This is intriguing, but the firehouse-strength description kind of knocked me to the ground, This earlier description I found was a bit more approachable, until it lost me when defining True and False. Any hints for dummies who only know dummy languages like C++ and Forth?

The basic idea here is that, when you want to represent some data in lambda calculus, you’ve only got one option for how to represent it: It’s gotta be a function, because that’s the only tool the lambda calculus gives you.

You want to choose your functions so that, whatever operations you wanted to perform on your data, you can instead do by function application. So when they say that

`True := λx.λy.x; False := λx.λy.y`

, what they’re really saying is “These functions give us enough information that we can distinguish one from the other, which is the main thing we need from a single bit: For example, if we know some value has got to be a bit, we can figure out which one it is by calling it as a function on two distinct values, and seeing which of those values we get back.” (note that this procedure is basically how you’d implement`if/then/else`

, given that you’ve defined True/False this way)Imagine you have a list (or stack) of things and pretend that λ is pronounced chomp. Even though lambda in reality is simply just a function that always accepts exactly one argument (e.g.

`function (x) { ... }`

we’re going to compare it to eating food just for fun.Now let’s start off simple with the identity function. Here’s how a Krivine machine works. Say our list of things is

`λ0 x y z`

. We see the lambda so we chomp the x. It’s eaten into a closure where it’s stored at slot 0. Then we get`0 y z`

. We evaluate the 0. We pull x out of the closure and we arrive at`x y z`

.One cool thing worth noting about the iconoclastic definitions in SectorLambda is that the

`if`

statement is defined as the identity function`if = λ 0`

. Since the behavior of`if`

is kind of integral to way this language operates. Most people actually don’t even bother including`if`

in their lambda expressions for that reason. Another way`if`

could be defined is`λλλ [[2 1] 0]`

which is kind of like a longer version of the identity function, but that’s a better exercise to think about once you’re done reading this comment, especially if you mess around with the`lambda.com -v`

program.So let’s move on to something more complicated than the identity function. Consider false which is

`λλ0`

by our definition. This expression chomps twice, so if our stream of things is`λλ0 x y z`

then we chomp and the stream becomes`λ0 y z`

and`0=x`

is tucked away in a closure. Then we chomp again and the stream becomes`0 z`

and`0=y`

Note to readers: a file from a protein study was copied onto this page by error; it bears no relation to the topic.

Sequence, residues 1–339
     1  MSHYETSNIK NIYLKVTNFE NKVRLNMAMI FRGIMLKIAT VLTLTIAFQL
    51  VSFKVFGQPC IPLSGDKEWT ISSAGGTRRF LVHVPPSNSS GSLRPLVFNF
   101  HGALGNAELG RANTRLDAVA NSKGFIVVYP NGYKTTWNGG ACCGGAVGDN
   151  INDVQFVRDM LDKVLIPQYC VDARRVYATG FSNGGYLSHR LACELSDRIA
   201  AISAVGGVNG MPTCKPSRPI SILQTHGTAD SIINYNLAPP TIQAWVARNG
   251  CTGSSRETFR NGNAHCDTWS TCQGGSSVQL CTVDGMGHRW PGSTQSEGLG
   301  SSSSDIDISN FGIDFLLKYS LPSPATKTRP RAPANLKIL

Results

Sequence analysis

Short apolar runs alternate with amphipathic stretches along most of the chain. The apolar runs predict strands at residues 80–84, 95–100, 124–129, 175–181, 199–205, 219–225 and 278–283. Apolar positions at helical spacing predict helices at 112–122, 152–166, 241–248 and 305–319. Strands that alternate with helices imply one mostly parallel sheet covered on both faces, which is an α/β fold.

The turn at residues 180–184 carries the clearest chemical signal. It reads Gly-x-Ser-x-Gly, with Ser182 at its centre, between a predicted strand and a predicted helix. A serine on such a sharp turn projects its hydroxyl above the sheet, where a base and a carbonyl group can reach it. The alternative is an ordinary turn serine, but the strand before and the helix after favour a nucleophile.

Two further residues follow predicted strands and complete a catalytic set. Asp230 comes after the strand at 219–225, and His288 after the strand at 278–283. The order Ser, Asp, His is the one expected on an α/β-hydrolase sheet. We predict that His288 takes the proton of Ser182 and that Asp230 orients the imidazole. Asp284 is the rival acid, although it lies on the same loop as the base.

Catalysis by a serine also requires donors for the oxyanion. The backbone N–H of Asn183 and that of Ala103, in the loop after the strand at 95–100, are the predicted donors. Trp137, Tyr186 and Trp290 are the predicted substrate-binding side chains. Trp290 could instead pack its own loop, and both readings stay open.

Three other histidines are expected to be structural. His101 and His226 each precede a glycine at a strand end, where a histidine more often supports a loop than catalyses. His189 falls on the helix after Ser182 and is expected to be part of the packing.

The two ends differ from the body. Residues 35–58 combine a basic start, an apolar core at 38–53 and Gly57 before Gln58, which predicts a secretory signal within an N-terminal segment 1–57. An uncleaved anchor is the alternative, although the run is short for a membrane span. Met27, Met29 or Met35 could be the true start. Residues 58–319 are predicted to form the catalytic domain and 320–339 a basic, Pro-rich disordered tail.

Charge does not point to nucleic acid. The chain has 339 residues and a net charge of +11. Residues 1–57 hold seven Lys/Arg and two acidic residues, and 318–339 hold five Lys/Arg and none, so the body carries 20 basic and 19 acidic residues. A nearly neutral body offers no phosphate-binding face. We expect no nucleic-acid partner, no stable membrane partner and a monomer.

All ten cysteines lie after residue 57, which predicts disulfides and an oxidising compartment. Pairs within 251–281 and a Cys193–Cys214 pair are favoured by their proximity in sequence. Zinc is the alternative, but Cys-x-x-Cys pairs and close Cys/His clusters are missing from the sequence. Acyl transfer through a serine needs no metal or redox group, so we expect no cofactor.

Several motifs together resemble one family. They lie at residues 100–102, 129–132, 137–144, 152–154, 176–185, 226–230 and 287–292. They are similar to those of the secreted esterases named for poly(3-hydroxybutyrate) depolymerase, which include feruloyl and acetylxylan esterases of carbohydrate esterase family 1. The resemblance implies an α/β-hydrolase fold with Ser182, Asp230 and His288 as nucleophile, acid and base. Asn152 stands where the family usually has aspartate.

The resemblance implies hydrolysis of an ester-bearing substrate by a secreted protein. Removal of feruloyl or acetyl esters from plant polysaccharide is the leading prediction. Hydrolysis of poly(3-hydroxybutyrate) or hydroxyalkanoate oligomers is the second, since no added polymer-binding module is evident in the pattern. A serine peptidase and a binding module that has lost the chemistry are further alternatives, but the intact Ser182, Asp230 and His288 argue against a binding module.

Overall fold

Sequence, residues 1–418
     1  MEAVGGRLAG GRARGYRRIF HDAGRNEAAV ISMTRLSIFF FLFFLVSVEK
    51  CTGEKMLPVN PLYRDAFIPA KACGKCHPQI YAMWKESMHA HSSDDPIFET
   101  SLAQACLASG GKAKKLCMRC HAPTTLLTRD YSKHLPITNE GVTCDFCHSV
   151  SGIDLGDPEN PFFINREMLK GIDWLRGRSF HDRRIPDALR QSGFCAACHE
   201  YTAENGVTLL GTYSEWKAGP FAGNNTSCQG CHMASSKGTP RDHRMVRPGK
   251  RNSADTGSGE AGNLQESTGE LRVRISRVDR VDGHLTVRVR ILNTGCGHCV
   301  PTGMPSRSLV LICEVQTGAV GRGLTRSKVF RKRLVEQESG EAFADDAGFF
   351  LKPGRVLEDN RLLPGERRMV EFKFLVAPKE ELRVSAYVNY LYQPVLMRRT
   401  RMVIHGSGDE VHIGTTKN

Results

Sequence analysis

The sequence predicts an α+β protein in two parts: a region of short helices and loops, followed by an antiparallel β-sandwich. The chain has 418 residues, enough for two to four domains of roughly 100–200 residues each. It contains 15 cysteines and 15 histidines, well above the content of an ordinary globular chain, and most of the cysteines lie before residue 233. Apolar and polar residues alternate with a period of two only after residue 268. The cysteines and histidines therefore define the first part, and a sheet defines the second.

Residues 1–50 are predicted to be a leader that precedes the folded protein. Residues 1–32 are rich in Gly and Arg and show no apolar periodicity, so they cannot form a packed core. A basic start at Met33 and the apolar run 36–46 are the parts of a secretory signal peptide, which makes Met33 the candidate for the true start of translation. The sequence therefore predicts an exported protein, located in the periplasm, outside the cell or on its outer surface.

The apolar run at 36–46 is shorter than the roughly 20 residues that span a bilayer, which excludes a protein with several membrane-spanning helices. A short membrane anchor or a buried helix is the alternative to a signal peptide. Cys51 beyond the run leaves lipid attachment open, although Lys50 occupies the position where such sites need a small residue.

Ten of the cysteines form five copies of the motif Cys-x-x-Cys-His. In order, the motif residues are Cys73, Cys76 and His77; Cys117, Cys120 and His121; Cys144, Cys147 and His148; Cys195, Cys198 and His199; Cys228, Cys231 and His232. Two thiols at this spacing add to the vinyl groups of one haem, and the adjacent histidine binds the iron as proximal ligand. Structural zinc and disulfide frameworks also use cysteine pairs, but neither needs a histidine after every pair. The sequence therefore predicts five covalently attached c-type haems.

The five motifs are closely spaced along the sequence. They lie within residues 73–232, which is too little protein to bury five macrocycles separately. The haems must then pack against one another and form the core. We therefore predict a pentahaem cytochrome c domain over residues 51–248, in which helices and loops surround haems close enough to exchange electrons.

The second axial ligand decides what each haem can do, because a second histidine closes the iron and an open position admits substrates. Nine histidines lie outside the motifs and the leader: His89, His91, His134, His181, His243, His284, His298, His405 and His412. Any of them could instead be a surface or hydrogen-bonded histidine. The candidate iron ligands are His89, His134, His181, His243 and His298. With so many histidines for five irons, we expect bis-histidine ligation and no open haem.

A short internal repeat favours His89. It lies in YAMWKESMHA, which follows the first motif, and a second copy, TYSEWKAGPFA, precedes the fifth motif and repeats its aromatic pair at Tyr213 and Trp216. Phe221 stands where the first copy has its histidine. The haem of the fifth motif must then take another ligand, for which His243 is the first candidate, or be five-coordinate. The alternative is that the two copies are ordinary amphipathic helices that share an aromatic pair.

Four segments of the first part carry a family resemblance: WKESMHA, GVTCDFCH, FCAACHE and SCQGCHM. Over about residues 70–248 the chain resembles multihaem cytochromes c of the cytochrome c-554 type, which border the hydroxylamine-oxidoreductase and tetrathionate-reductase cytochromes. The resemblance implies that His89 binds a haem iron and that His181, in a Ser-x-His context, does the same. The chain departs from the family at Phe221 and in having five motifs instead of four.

is tucked away in a new closure, which means we have to reindex or push down`0=x`

to`1=x`

. Now we need to evaluate`0 z`

. Since 0 in de Bruijn indexing references the argument passed to the nearest enclosing function, we resurrect`y`

so the stream becomes`y z`

.So what did

`λλ0`

accomplish? In summary, it transformed the stream of things that follows from`x y z`

to being`y z`

. It acted as a selector or predicate. It dropped the x and kept the y. So if false=λλ0, then surely true would be λλ1. True selects the first of the two things that follow in the stream, so it would transform`x y z`

into`x z`

.In any case, this selection behavior is the basis for logic the language. It lets us divide and conquer and that’s really all you need to start building your coding empire.

One thing you may be wondering is, why are the definitions of true and false backwards compared to C++? You’d expect false would come before true. One example of what makes this convention useful is the EOF behavior. For example, the NIL terminator is also defined as false. In the monadic I/O model, what NIL does is it skips ahead in the list of terms. In order to do that, it needs to hop over things until it eventually reaches an undefined term. That’s the point at which VM knows it needs to perform a read i/o operation, in order to “gro” the input list. It also allows us to determine program exit. It’s defined as a NIL selector skipping past the program image.

Thanks very much! I like the Pac-Man analogy. It’s reminding me of concatenative languages, except here it sounds like you’ve got two stacks — one is the “list of things” being chomped & barfed, the other is the list of saved closures?

Mind-bending in a fun way. I reckon I can look up “Krivine machine” for more info when I find the time for a good rabbit-hole dive…

Pac-Man that’s perfect. Yes two lists. Plus lists grow off each item in the two lists. There’s also a free list.